How to syntactically prove $\emptyset \vdash \top$?

$$\emptyset \vdash \top$$

I was trying to prove this using the Hilbert proof system and this is what I got:

(1)$$\top \equiv (\bot \equiv \bot)$$ Axiom:$$\top$$ vs. $$\bot$$

(2)$$(\top \equiv \top)\equiv (\top \equiv (\bot \equiv \bot))$$ by Leibniz

(3) $$(\top \equiv \top)$$ by equanimity on (2) and (1)

So this is where I am stuck. I confused on how I could use some axiom to isolate $$\top$$. Any help is much appreciated thank you! In my text-book if our assumptions are the $$\emptyset$$ then we can assume $$\top$$ is an absolute theorem but I am not sure how to go about proving this.

Axiom List: (https://i.sstatic.net/SjSH1.jpg)

Axioms of Boolean Logic $$\begin{array} \\ \text{ Associativity of } \equiv & ((A \equiv B) \equiv C) \equiv(A \equiv(B \equiv C)) \\ \text { Symmetry of } \equiv & (A \equiv B) \equiv(B \equiv A) \\ \text { Tvs. } \perp & T \equiv \perp \equiv \perp \\ \text { introduction of } \neg & \neg A \equiv A \equiv \perp \\ \text { Associativity of } \vee & (A \vee B) \vee C \equiv A\vee (B\vee C) \\ \text { Symmetry of } \vee & A \vee B \equiv B \vee A \\ \text { Idempotency of } \vee & A \vee A \equiv A \\ \text {Distributivity of } \vee \text{ over } \equiv & A \vee(B \equiv C) \equiv A \vee B \equiv A \vee C \\ \text { Excluded Middle } & A \vee \neg A \\ \text { Golden Rule } & A \wedge B \equiv A \equiv B \equiv A \vee B \\ \text { Implication } & A \rightarrow B \equiv A \vee B \equiv B \end{array}$$ Primary Rules of Inference $$\frac{A, A \equiv B}{B}\\~\\ \frac{A}{C[\mathbf{p}:=A] \equiv C[\mathbf{p}:=B]}$$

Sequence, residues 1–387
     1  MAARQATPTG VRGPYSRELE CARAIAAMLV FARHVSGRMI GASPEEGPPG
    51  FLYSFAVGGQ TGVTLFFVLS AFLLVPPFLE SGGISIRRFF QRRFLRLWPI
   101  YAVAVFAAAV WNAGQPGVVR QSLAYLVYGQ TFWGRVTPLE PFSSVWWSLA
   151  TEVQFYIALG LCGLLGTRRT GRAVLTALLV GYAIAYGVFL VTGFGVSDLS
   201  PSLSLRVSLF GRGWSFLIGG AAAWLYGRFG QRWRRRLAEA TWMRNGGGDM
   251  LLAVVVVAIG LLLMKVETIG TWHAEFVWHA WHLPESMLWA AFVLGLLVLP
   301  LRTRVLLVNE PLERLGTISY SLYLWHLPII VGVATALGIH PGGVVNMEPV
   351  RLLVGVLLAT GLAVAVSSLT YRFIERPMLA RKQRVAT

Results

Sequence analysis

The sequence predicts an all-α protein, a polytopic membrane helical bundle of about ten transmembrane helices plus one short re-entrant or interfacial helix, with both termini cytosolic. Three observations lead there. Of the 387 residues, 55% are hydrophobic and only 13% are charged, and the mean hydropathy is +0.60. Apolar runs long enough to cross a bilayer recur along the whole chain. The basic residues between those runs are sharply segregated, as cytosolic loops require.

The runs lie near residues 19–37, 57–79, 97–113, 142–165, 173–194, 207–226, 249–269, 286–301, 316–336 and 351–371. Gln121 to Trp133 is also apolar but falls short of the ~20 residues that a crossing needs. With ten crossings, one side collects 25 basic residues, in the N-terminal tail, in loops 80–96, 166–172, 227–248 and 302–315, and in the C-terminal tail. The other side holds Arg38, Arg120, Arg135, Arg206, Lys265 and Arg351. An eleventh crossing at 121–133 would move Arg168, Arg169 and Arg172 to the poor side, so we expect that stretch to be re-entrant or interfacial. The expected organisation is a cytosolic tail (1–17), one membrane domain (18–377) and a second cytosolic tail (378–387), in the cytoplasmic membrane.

Book used: Mathematical Logic by George Tourlakis

• You should include a list of your axioms. There is no one standard system. Commented May 29, 2020 at 4:33
• I would like to help you, so I want to follow the axiom system from your textbook. What textbook are you studying? Commented May 29, 2020 at 5:07
• That system isn't at all "the Hilbert proof system". It looks like something some random guy came up with. Commented May 31, 2020 at 1:19

You need the following result: $$\vdash A \equiv A$$ (see page 47).

With it, you can complete your proof:

1) $$⊤ ≡ (⊥≡⊥)$$ --- Axiom

2) $$⊥≡⊥$$ --- result above

3) $$⊤$$ --- from 1) and 2) by (Eqn): $$\dfrac {A, A \equiv B}{B}$$,

the "equational-style" version of Modus Ponens.

• @VedarthV - you are welcome :-) Commented May 29, 2020 at 8:16